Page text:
Converting Legacy Data to MedDRA: Approach and Implications
The adoption of the Medical Dictionary for Regulatory Activities (MedDRA) as the standardized international medical terminology presents industry with the enormous task of “MedDRA-sizing” legacy data. As a multifunctional, highly granular dictionary, MedDRA has the potential to facilitate the conversion process with minimal loss of specificity, and simultaneously allow for integration and standardization of all clinical, regulatory, and epidemiological information. In order to maximize the value and utility of the MedDRA conversion process, it is critical to involve users who have specific knowledge of MedDRA and understand the possibilities as well as the limitations of MedDRA in the planning and implementation stages so that specificity, consistency, and accuracy may be preserved.
This article will discuss, through the use of actual case studies, the issues and solutions in converting legacy data, whether the source is a home grown/in-house or a standardized dictionary to MedDRA. We conceived, established and continue to operate the Food and Drug Administration’s (FDA’s) Drug Safety Surveillance unit. Based on the insight and understanding attained from having used MedDRA to codify individual case safety reports for the FDA and converting legacy data for the pharmaceutical industry, the following issues have been identified as critical to the success of any legacy conversion project: defining the company’s objectives for data conversion, developing a conversion plan tailored to meet the specific objectives of the individual company, developing a MedDRA coding algorithm, identifying potential areas of conflict within MedDRA and proposing possible solutions, developing and implementing quality assurance processes, and modifying coding guidelines to address specific organization coding philosophies. In addition to sharing the lessons learned from having performed legacy data conversion, this article will also discuss the future impact of the legacy data conversion process on both data management and coding.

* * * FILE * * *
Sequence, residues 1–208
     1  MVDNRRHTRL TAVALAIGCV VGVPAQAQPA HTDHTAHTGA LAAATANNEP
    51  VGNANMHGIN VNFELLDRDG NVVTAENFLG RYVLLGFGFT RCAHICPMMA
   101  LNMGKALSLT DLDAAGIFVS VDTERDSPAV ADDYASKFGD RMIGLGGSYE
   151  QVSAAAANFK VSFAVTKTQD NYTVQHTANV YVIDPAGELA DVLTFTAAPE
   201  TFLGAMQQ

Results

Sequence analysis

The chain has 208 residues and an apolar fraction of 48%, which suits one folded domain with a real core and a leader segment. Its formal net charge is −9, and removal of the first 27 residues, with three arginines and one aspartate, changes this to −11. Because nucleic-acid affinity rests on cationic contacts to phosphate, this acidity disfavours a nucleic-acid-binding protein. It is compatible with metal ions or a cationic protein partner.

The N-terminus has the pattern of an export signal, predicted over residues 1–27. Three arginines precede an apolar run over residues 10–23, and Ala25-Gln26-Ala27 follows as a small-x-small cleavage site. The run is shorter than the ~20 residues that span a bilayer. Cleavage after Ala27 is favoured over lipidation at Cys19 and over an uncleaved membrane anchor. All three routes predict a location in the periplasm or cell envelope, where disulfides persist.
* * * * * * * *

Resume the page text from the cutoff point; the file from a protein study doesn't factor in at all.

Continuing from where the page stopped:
Key WordsMedDRA Legacy data Coding/classification conventions Quality assurance; Pharmacovigilance Autoencoders Autoencoding
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